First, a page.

There is a lot to think about when a man's partner is expecting a child. Many new fathers want to take time off work to address the practical issues of caring for a newborn, and to bond with their new children. But will doing so put your job at risk? Do men have a right to paternity leave from work?
In this blog post, I will review the federal laws related to parental leave in the United States, including the Family Medical Leave Act. I will discuss the EEOC v. Estee Lauder Companies, Inc., and how Title VII of the Civil Rights Act can be used to protect men's right to paternity leave. I will also explain when and how an employment attorney can help get fathers time off after their children come home.
The answer to the question "Do men have a right to paternity leave?" depends on what you mean by the question. When you are looking into parental leave, it is important to distinguish between paid and unpaid time off. The United States is the only country among 41 nations surveyed by the Organization for Economic Cooperation and Development (OECD) that does not have any level of mandatory paid parental leave. Instead, the decision to offer paid parental leave is left to the individual companies. If they choose not to offer this employment benefit, there is little an employee can do short of finding another job.
However, there is a national right to unpaid parental leave under the Family Medical Leave Act (FMLA). The law requires public agencies, public and private schools , and companies with at least 50 employees to provide employees with up to 12 weeks of unpaid leave each year. This leave can be used for:
To be eligible, employees must have worked for their employer for at least 12 months and at least 1,250 hours in the past 12 months. They must also work in a location where the company employs at least 50 employees within 75 miles.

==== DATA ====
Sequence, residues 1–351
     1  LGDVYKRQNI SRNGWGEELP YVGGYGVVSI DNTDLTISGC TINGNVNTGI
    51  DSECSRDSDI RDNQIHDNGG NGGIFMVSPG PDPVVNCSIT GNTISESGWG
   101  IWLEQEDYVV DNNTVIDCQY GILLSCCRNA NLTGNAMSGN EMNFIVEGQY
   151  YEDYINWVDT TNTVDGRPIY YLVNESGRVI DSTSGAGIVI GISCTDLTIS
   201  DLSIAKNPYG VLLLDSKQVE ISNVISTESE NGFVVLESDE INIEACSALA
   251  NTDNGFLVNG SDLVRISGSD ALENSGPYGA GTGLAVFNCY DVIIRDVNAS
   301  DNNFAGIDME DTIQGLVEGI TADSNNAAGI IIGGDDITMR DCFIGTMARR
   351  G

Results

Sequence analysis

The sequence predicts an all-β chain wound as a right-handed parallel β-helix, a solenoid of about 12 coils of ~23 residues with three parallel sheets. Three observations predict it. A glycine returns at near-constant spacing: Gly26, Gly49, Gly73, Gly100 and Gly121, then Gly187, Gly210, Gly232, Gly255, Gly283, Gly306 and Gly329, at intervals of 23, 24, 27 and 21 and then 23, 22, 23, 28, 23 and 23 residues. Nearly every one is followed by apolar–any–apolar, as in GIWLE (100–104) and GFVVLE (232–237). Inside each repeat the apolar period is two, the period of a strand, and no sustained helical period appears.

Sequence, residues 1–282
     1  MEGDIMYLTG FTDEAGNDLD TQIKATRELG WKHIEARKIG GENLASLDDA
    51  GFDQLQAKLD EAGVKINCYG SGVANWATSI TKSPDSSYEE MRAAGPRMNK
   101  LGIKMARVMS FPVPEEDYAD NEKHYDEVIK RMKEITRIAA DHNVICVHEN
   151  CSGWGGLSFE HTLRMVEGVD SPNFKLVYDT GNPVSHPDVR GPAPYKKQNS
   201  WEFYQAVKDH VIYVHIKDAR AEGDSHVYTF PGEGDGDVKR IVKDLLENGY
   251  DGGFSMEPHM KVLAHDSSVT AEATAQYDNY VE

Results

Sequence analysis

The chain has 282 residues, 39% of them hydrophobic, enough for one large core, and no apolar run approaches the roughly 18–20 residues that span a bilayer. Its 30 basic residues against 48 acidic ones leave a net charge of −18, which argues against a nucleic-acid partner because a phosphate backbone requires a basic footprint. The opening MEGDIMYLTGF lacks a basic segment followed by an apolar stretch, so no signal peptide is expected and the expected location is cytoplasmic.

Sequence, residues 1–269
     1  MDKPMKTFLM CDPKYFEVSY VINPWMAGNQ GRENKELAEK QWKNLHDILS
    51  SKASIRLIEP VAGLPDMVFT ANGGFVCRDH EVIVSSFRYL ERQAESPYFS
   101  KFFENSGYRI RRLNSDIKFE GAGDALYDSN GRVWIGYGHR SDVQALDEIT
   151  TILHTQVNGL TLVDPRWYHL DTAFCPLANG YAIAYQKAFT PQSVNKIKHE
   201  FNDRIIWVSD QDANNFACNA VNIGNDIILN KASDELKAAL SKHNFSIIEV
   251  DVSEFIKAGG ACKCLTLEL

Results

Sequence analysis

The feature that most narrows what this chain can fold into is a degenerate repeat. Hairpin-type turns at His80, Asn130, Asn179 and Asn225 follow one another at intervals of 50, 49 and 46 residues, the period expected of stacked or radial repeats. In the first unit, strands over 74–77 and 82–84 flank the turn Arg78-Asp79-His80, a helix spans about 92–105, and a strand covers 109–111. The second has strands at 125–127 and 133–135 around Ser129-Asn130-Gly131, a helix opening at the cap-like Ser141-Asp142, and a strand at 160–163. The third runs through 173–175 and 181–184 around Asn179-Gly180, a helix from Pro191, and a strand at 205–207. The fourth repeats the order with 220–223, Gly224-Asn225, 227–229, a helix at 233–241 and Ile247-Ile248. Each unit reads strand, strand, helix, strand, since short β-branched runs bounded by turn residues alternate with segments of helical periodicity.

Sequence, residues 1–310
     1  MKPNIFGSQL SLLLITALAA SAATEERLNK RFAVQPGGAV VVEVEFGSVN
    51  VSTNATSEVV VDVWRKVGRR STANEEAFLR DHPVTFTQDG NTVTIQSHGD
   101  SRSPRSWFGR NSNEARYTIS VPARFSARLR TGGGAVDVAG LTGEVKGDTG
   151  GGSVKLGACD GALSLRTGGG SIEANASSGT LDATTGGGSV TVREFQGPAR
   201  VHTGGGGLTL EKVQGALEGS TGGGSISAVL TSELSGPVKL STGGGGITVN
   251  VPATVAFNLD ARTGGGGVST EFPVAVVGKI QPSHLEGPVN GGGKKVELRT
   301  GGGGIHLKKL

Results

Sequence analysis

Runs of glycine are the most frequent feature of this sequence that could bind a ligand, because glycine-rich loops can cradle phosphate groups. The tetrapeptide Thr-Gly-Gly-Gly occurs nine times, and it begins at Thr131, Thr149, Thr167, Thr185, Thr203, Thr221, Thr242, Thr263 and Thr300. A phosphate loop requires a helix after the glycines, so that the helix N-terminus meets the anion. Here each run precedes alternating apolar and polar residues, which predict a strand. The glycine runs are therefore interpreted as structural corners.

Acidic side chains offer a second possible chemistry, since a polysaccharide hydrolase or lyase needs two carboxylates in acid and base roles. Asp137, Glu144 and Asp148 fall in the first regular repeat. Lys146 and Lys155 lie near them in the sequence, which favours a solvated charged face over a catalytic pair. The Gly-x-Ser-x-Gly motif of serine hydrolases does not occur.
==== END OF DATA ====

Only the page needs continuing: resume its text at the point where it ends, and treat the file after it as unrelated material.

Unpaid FMLA leave applies to mothers and fathers, natural and adoptive parents alike. If your family has the financial means to do so, this means that men have the right to up to 12 weeks of paternity leave to connect with their children.
Many two-income families would rather not resort to unpaid FMLA leave, especially given the costs connected to bringing home a new child. There may be no universal right to paid paternity leave, but where a company offers paid maternity leave, Title VII of the federal Civil Rights Act requires that benefit to apply to fathers too, regardless of gender.
Earlier in 2017, the Equal Employment Opportunity Commission (EEOC) took Estee Lauder to court on this issue. The EEOC's complaint said the makeup and skin care manufacturer had violated Title VII and the Equal Pay Act by offering different parental leave benefits to men and women in their employ. Under the company's parental leave program, Estee Lauder would pay for leave provided to new mothers to recover from childbirth, as well as an additional 6 weeks of parental leave to bond with their children. New fathers were only granted 2 weeks of child bonding time. The lawsuit said that new mothers also receive flexible return-to-work benefits when their maternity leave expired, but fathers didn't have the same opportunities.
Title VII and the Equal Pay Act prohibits discrimination in pay or benefits based on sex. The EEOC said in its complaint that Estee Lauder's policy violated those laws by setting different time limits and conditions on maternity leave and paternity leave of their employees. The case is still ongoing, but it makes clear that an employer cannot treat men seeking paternal leave differently because of their sex.
If your wife or partner is expecting a child, now is the time to start investigating your right to paternity leave. The employment discrimination attorneys at Eisenberg & Baum, LLP, can help you uncover your options and determine if there are any claims under state or federal laws. We will start by reviewing your contract or employee handbook to see what the policies are at your place of employment. Next, we will see if you qualify for unpaid FMLA leave. We may also be able to negotiate with your employer to correct civil rights violations or other illegal policies, and take the matter to court if necessary. If you need help exercising your right to paternity leave, contact us today to schedule a free consultation.